John has/we have an excellent translator in – firstly – Emily Wilcox. She is an American doctoral candidate who has spent considerable time in China over the past 6 or so years, some of that time spent in intensive learning of the language (and so the culture as a whole: no way can you access the culture other than superficially without being able to use the language to communicate with people – and to communicate on more than a superficial level). So Emily is fluent in Chinese, and the same time has a good understanding/sense of movement/ dance (including observation): she’s able to give fluent instruction/ explanation …… But at times she also appears to expand on what John is saying – I say ‘appears’ as I don’t have any understanding of Chinese (beyond ‘hello’, ‘goodbye’, ‘yes’ and ‘no’, and the odd other word or two!), so have no real clue, other than the observation that she speaks for a good more time that John (a man of relatively few words). There are also times when she and the dancers engage in discussion that is [obviously] outside what John has said; and times when John gives some instruction to a dancer – who then asks questions/ for clarification – which are answered without reference to John. This may be simply connecting to what he’s said before – or it may not be. His humour, too, is possibly not translatable – at times a bit edgy, with a bit of a bite to it (and, some might say, very Australian!).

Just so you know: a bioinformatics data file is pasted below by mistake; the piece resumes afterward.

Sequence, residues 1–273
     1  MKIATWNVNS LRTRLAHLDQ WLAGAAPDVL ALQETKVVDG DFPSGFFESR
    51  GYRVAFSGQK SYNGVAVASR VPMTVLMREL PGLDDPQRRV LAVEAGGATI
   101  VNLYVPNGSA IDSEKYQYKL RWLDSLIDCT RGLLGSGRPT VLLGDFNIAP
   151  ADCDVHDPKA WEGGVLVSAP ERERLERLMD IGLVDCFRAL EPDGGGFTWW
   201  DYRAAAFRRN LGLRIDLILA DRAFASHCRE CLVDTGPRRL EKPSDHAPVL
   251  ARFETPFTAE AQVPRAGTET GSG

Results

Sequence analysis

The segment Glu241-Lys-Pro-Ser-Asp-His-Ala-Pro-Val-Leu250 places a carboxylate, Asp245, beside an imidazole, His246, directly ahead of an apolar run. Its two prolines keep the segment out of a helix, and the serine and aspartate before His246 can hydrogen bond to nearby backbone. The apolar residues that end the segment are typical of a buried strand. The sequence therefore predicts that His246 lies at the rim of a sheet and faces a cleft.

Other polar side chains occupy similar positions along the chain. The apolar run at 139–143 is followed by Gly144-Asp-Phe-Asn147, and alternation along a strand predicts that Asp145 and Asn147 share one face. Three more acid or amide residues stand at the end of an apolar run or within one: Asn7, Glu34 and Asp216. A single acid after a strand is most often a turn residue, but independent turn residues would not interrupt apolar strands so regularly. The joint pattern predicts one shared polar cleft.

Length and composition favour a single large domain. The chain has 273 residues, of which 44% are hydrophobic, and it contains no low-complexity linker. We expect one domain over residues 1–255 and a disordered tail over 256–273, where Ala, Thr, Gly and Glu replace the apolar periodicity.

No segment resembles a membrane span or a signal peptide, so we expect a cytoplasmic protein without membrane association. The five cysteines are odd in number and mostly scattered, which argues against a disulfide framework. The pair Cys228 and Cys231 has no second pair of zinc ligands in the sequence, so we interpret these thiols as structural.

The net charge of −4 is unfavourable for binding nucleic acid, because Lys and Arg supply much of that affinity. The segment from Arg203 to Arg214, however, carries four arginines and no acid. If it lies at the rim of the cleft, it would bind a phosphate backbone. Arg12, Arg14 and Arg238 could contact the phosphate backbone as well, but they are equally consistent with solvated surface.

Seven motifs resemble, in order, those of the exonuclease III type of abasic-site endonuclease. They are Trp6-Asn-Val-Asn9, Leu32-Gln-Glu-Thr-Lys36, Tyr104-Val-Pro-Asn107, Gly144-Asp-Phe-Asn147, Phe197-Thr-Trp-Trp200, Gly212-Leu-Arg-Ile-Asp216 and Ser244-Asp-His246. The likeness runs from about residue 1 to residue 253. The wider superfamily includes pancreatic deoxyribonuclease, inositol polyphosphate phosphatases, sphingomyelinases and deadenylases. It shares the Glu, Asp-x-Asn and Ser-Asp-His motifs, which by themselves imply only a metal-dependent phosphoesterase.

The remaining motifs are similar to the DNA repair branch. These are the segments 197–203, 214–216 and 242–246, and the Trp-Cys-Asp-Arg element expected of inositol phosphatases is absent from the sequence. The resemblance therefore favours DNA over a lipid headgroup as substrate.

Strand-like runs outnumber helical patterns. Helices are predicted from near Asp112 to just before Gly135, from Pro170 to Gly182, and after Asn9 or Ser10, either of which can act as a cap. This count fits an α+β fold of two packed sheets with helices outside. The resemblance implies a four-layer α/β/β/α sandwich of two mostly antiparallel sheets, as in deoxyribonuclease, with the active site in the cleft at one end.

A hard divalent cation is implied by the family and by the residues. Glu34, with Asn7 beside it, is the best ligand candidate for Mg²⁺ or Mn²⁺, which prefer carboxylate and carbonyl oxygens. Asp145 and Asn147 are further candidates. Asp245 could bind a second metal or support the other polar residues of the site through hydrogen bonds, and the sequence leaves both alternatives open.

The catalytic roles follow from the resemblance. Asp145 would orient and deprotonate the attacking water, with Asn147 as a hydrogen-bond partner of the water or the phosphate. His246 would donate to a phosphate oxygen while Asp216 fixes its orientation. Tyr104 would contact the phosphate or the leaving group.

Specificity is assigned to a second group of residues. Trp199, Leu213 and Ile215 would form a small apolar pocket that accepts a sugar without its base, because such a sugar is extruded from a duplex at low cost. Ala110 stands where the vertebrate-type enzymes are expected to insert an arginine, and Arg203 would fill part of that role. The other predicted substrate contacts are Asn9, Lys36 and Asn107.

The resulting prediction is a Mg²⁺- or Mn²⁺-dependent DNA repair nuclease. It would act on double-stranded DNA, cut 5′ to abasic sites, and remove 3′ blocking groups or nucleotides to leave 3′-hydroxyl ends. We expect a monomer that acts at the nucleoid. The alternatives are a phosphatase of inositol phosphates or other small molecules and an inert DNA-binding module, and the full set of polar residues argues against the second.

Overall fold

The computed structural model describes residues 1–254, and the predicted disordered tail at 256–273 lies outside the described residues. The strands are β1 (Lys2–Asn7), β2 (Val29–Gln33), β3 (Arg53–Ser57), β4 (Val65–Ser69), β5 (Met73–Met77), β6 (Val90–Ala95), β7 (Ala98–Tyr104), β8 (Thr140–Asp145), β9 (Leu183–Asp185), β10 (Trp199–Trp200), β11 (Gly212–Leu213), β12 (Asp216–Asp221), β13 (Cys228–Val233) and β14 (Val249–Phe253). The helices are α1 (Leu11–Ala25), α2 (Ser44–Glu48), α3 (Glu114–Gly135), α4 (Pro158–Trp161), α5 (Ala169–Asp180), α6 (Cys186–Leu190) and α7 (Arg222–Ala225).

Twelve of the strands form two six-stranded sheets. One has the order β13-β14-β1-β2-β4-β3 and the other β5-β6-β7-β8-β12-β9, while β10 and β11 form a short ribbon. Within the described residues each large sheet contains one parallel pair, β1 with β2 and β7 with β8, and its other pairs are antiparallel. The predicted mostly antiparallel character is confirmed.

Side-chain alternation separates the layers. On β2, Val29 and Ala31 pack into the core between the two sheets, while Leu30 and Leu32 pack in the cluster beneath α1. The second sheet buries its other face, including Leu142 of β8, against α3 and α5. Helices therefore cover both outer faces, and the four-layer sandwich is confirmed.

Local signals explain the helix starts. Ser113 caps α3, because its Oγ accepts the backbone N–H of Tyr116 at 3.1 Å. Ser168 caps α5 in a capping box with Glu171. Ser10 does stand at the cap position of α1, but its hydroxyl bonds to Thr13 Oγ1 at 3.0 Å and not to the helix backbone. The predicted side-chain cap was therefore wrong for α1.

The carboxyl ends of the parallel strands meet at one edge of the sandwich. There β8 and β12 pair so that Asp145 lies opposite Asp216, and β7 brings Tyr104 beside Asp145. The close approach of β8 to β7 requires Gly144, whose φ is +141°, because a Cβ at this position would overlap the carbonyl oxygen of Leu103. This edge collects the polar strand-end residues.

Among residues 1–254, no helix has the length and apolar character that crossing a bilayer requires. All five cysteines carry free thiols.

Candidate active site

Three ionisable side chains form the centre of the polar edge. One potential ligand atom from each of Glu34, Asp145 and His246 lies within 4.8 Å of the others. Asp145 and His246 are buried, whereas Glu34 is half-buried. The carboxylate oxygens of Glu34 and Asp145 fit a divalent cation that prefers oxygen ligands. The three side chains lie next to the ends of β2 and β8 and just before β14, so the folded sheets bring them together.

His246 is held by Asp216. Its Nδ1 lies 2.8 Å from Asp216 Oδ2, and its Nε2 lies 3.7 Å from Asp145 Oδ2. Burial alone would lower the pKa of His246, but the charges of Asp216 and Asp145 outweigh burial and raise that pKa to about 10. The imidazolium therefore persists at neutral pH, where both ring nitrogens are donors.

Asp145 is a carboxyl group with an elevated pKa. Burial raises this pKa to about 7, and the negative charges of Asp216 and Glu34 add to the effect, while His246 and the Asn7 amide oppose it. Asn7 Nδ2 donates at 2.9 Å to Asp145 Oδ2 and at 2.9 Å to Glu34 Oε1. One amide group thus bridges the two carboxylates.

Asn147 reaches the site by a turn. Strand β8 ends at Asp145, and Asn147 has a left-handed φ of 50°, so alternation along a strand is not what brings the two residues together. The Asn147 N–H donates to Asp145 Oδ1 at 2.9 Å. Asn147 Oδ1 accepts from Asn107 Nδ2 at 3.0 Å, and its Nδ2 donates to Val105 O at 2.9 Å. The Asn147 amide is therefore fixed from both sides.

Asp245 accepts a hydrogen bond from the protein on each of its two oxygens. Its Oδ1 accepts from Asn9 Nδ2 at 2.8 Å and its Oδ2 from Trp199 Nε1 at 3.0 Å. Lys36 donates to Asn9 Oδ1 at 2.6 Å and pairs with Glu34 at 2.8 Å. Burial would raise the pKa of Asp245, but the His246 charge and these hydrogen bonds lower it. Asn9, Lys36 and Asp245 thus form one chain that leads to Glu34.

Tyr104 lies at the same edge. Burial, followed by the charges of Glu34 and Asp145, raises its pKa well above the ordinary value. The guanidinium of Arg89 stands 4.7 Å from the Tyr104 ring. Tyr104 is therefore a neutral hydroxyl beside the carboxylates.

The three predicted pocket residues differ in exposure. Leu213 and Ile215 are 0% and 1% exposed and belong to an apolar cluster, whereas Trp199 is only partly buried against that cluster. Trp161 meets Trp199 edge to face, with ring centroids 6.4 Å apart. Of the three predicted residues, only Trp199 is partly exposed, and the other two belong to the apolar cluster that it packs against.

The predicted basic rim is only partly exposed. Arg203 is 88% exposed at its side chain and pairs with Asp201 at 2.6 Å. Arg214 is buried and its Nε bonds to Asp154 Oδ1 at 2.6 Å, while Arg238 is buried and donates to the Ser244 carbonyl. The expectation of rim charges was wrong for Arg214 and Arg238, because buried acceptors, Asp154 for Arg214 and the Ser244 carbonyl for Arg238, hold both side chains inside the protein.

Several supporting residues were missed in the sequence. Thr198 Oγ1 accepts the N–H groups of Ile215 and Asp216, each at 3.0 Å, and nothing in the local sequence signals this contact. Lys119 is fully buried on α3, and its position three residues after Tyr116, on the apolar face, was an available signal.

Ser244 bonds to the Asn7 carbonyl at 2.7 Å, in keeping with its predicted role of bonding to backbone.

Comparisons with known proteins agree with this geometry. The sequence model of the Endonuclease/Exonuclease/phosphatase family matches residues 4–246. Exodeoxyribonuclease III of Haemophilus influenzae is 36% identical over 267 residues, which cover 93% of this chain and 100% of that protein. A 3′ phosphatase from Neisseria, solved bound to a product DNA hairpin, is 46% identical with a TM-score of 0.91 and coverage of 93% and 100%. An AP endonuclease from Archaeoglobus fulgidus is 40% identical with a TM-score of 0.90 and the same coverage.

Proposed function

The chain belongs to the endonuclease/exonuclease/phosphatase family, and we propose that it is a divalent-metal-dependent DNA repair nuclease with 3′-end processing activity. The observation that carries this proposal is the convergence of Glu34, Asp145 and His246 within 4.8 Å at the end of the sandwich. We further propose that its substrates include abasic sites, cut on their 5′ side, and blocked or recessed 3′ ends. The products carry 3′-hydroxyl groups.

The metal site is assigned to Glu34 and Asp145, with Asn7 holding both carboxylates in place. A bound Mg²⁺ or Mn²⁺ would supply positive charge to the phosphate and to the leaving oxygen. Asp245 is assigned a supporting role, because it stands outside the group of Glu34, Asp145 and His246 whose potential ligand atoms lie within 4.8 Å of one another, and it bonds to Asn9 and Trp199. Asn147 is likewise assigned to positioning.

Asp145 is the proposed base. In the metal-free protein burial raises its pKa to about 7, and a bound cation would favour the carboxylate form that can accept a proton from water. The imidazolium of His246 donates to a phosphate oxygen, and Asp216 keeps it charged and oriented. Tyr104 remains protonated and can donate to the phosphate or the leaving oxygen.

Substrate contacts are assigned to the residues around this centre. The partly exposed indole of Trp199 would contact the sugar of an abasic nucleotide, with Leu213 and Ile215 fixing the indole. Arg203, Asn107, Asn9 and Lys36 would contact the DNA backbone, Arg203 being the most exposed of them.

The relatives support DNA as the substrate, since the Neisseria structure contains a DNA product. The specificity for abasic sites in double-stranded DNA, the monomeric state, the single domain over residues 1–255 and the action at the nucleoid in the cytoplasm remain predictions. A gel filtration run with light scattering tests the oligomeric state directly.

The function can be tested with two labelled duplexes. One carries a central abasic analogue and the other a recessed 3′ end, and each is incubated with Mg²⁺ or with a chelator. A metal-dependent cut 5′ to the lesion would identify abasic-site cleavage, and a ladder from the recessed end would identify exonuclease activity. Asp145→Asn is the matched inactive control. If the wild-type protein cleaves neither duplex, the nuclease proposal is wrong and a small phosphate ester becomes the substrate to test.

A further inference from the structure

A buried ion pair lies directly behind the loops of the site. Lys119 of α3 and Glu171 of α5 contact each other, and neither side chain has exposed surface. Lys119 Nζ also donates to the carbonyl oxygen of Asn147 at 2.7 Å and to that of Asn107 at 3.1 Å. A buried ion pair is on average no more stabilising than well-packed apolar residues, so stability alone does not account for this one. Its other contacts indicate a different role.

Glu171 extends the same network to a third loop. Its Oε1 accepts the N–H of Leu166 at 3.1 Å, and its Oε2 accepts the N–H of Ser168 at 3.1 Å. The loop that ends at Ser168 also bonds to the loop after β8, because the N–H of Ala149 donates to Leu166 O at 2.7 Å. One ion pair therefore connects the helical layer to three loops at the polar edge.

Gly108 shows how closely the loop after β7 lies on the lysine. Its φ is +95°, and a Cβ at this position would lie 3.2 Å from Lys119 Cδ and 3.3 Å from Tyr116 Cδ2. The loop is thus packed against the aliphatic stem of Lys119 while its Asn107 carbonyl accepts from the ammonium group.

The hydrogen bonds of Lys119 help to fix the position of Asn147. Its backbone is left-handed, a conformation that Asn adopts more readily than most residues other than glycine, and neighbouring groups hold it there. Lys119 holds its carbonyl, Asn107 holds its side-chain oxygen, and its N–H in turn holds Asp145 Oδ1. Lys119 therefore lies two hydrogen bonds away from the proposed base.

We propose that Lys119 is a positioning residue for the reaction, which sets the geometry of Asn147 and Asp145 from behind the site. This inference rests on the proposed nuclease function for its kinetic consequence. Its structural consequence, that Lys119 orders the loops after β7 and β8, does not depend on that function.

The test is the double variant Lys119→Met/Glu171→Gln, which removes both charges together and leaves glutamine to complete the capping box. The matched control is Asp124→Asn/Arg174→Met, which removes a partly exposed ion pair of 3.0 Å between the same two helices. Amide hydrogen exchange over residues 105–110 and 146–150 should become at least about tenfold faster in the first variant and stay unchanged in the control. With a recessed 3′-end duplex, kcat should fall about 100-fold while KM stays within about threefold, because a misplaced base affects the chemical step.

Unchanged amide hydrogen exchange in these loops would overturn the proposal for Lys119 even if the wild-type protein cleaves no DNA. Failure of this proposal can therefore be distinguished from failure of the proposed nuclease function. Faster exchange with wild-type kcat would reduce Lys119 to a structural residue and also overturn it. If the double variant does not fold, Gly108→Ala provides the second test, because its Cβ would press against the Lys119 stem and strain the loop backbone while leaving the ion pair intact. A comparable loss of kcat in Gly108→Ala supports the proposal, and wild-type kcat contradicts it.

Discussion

Our second translator – Annie – is Chinese/local, doing a masters at UCLA Riverside (if I remember correctly): while her English is good, she is not a native speaker, and in this particular context, appears not to be totally at ease with her role.